Walgreens also announced a seniors hour, a policy many stores have been activating as seniors have an increased risk of serious illness and death because of COVID-19. All Walgreens stores will open every Tuesday at 8 a.m. and have a full hour dedicated to senior citizens, and their caregivers who can go into the stores for them. The senior discount will be offered all day on Tuesdays, and customers 55 and older will get 30 percent off any regularly priced Walgreens brands and 20 percent off national brands.

Walgreens is selling cleaning supplies, hand sanitizers, cough/cold and pain and fever medicines, select grocery items, infant formula, medical supplies, and paper goods through their drive-through as well.

Every Walgreens location has decals and signage near registers that designate where customers should stand to comply with social distancing guidelines. Walgreens is also installing protective plastic shields in every single one of their stores, starting first with heavily impacted areas like New York City and increasing how many times they clean their stores and are doing deeper, more frequent cleans. They’re putting in place purchase limits on items like hand sanitizer, soap, and thermometers to two per product category per customer.


Walmart is one of the largest employers in the United States. As such, they’ve enacted some new social distancing guidelines, store hours, and cleaning schedules in order to keep customers and their employees safe.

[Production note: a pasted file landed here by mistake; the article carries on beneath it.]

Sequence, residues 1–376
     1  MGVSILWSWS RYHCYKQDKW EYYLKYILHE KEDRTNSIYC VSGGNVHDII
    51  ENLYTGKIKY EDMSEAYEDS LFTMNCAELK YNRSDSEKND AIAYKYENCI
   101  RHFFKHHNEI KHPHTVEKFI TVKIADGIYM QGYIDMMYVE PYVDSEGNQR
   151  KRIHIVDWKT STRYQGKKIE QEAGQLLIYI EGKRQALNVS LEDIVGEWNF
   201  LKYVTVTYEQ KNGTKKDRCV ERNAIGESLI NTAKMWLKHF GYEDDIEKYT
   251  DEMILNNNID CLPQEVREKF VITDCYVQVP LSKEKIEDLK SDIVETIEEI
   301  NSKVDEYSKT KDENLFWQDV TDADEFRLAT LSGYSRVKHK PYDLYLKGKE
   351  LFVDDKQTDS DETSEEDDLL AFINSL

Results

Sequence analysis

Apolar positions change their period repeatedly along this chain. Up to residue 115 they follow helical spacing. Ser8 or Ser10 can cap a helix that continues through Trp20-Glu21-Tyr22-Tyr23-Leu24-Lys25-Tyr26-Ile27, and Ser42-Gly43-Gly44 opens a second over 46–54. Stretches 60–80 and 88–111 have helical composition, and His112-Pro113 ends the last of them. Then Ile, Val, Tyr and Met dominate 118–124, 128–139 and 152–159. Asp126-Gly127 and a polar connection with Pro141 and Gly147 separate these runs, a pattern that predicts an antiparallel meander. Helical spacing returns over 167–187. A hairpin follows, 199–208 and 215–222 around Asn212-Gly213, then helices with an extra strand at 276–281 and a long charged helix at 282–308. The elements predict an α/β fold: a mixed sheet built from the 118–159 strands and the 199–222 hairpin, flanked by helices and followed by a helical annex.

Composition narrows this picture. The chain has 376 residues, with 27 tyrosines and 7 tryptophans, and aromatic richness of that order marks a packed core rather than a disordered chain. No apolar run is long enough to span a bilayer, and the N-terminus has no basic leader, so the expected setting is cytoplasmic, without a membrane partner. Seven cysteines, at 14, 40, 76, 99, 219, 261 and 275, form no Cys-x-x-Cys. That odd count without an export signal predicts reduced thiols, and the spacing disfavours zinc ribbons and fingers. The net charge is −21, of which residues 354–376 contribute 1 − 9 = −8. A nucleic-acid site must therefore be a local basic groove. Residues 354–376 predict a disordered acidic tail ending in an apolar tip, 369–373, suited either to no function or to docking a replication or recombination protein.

Starting last weekend, Walmart began limiting the entry of customers and will now only allow five customers for every 1,000 square feet of a Walmart store at any given time — representing some 20 percent of a store’s capacity. Additionally, Walmarts across the country will limit entrance to one single entry door, and direct arriving customers there where they will be admitted one-by-one in a socially distant line and counted to enforce the distancing guidelines. After the store has reached the new capacity, workers will let customers in on a one-in-one-out basis.

Walmart will also close all of its 24-hour locations at night to help enable safe cleaning and restocking of the stores, and every Tuesday until April 28 will open one hour early for a Seniors-only shopping hour. The stores will also have a one-way exit, a different door than through they entered, to help keep distance between customers.

For their employees, the company has expanded their paid leave policy, installed sneeze guards and social distance markers in stores, and made gloves and masks available to associates who want to use them while working.